What is diabetes mellitus?
Diabetes mellitus (DM) is a disease characterized by an increase in blood sugar (glucose), mainly due to the deficient production of insulin. Insulin is a hormone secreted by the pancreas. One of its main roles is to help blood sugar enter cells, to be used as a “fuel” and to produce or store energy.
There are two main types of diabetes:
- Type 1 diabetes usually occurs in young people. It is characterized by the destruction of the beta cells of the pancreas that produce insulin, as a result of which it is necessary to administer insulin by injections.
- Type 2 diabetes mainly concerns older people, usually obese and often there is a hereditary predisposition to its occurrence. For its treatment, weight loss is required (with proper nutrition and exercise).
- Gestational diabetes is essentially a special case of diabetes that occurs only during pregnancy and usually subsides immediately after childbirth.
How is diabetes treated?
Diabetes mellitus is a chronic evolutionary disease. The treatment of diabetes primarily requires continuous monitoring by a specialized team of health professionals. The first and most important piece of advice from the doctor is to change the lifestyle and diet.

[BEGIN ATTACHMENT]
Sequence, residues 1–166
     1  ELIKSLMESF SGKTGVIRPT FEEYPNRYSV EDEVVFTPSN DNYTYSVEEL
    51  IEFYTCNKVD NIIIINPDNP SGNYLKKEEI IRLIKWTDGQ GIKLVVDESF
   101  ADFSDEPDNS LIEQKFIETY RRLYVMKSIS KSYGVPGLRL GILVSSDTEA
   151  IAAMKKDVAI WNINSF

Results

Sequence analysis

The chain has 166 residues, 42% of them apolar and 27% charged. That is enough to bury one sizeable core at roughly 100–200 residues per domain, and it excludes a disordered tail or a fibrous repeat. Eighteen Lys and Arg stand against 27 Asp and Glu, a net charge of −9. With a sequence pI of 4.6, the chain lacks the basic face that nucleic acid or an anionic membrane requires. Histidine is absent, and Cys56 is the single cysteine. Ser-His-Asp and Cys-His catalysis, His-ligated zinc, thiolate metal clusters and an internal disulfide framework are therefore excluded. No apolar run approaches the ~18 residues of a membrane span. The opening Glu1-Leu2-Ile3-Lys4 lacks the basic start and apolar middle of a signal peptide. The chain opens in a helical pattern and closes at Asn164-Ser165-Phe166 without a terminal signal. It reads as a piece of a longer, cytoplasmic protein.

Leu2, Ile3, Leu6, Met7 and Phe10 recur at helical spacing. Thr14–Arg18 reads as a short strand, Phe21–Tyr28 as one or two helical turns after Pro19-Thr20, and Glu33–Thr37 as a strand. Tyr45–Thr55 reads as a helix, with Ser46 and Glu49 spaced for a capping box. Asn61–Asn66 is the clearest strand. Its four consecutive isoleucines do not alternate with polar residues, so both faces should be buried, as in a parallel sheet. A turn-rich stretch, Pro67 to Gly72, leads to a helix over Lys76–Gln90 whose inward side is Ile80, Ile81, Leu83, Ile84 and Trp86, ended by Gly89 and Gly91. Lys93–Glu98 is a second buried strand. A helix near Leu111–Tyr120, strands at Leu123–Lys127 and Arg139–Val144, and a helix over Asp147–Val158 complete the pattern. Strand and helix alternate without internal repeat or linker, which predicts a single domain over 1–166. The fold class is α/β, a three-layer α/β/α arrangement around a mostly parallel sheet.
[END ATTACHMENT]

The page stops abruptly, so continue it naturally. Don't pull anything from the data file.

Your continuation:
How is diabetes regulation monitored?
The monitoring is based on the measurement of blood sugar, which can be done either in a medical clinic after taking blood from the vein, or after a finger piercing by the diabetic himself with the use of special portable glucose meters.
The goal, in general, is for blood sugars before eating to be as close as possible to normal, but because blood sugar fluctuates during the 24 hours, it is difficult to draw a conclusion about the regulation of diabetes based on individual sugar values times a week. For this reason, it is necessary for every diabetic to measure glycosylated haemoglobin (HbA1c), which is a blood test that gives a picture of the average of all blood sugars in the previous 2-3 months, without being affected by the intake of food at the time of blood sampling to measure it.
The goal in diabetes is to achieve glycosylated haemoglobin between 4.80 – 5.90%, which has been shown to reduce the risk of complications. How often and at what times of the day measurements should be made from the finger differs from person to person and should be discussed with the attending physician. The combination of regular measurements from the finger with the measurement of glycosylated haemoglobin every 3 months, will enable the doctor to assess more objectively the regulation of diabetes.
At Gold Medical Centre we can check and review your blood sugar levels.